63. KeywordsWords or phrases that shoppers frequently use when searching for a given product. Including keywords in the copy on the product detail page or in Amazon sponsored ad campaigns helps products place higher in the search results and drive more traffic to listings. 

64. Landing Page: A webpage created solely for an advertising campaign. It is where visitors “land” after clicking on an ad or a link. 

65. Listing OptimizationThe process of revising the copy and images on a product detail page in order to improve organic placement in the search results and conversion rates. This process often includes adding keywords to the listing title and bullet points, revising copy to improve readability and highlight key features, and including images that demonstrate product use, features, and benefits. 
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66. Low-Converting Keywords: Keywords that drive particularly low conversion rates within a pay-per-click (PPC) advertising campaign. Identifying and negating these keywords is an essential step in improving the efficiency and performance of a sponsored ad campaign. 

67. Minimum Advertising Price (MAP)The minimum price for which sellers can advertise a product, typically issued by the manufacturer. 

68. Minimum Order Quantity (MOQ): The minimum number of products or units that a supplier will produce at one time. This number helps ensure that the supplier is producing enough products or units to drive a profit after the costs of production. 

69. Marketing Campaign Management: The planning, executing, tracking, and analysis of marketing campaigns from the beginning to the end. 
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70. Marketing Co-opAn agreement between a manufacturer and a seller where the manufacturer pays for a portion or the entirety of paid marketing efforts for their product. 

71. Marketplace Facilitator: Businesses or organizations that arrange with third parties to sell products and services on its platform. Through this they can facilitate retail sales. 
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72. Marketplace Facilitator Laws: Legislation around sales tax responsibilities of Marketplace Facilitators. 
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73. Manufacturing Cost: The cost of materials and production borne by the manufacturer. 

74. Media GalleryThe section at the top of an Amazon product detail page containing images and videos. 
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75. Net Profit Margin: The percentage of revenue that a company retains as profit after subtracting all costs. 

76. Net-TermsThe amount of time that passes between a seller acquiring inventory from a manufacturer and the seller paying the manufacturer for that inventory. This delayed payment enables sellers to generate revenue to help pay for the purchase order.  

77. Paid SocialPaid targeted advertisements run on social media platforms, such as Facebook and Instagram.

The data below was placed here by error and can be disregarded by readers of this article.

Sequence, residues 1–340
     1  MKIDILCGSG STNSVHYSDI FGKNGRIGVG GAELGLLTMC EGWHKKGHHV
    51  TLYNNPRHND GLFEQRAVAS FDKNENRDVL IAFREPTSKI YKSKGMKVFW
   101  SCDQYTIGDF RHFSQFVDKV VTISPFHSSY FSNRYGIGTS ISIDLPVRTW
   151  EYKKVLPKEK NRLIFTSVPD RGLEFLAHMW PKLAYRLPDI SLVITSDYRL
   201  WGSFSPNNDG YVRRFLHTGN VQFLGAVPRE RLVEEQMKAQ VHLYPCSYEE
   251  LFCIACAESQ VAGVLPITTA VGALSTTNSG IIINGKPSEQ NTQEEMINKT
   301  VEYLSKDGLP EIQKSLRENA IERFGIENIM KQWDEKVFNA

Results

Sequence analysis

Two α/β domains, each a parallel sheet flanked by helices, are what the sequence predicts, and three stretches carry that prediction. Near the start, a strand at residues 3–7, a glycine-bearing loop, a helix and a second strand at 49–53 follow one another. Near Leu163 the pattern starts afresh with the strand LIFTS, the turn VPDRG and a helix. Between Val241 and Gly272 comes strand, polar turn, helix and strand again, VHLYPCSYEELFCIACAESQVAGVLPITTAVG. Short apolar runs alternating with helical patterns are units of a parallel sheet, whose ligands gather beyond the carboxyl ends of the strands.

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78. Pay-per-Click (PPC): type of digital marketing in which marketers pay a specific amount each time their ads are clicked. This model is used in most types of Amazon ads. 

79. Purchase Order (PO): The order a retailer places with a vendor to acquire product. This includes the quantity of product ordered and the price paid for it. 

80. Product DescriptionA section near the bottom of the Amazon product detail page where additional product information can be shared. 

81. Product Detail Page: Also called a “listing,” the page featuring a specific product that includes a title, bullet points, product description, media gallery, enhanced brand content, and customer reviews. 
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82. Product Profit Margin: The difference between how much the product sells for and the actual cost of the product itself. This is sometimes referred to as a “markup. 

83. Product Rank: A product’s rank compared to other products in each category as determined by Amazon’s algorithm. A lower rank is better, indicating higher customer reviews, more traffic, more sales, and better organic placement on the search results page. 

84. Production Costs: The cost for manufacturing products or services. These can include labor, raw materials, supplies, delivery costs, and general overhead. 

85. Retail Arbitrage: The practice of buying products from distributors, wholesalers, retailers, and so on, then reselling those products at higher price. The resale usually takes place online. 
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86. Retail Price: The price of product when sold to an end consumer. 

87. Return On Advertising Spend (ROAS): A measurement of the effectiveness of a digital advertising campaign. Very similar to ROI, this metric is specifically for paid advertising campaigns and helps online business determine best methods and improvements for future digital advertising campaigns. 

88. Return-On-Investment (ROI): A comparison of the amount invested to the amount generated by that investment. ROI is frequently used when measuring the value of paid marketing in generating overall revenue. To calculate ROI, divide the amount generated by the cost of the investment.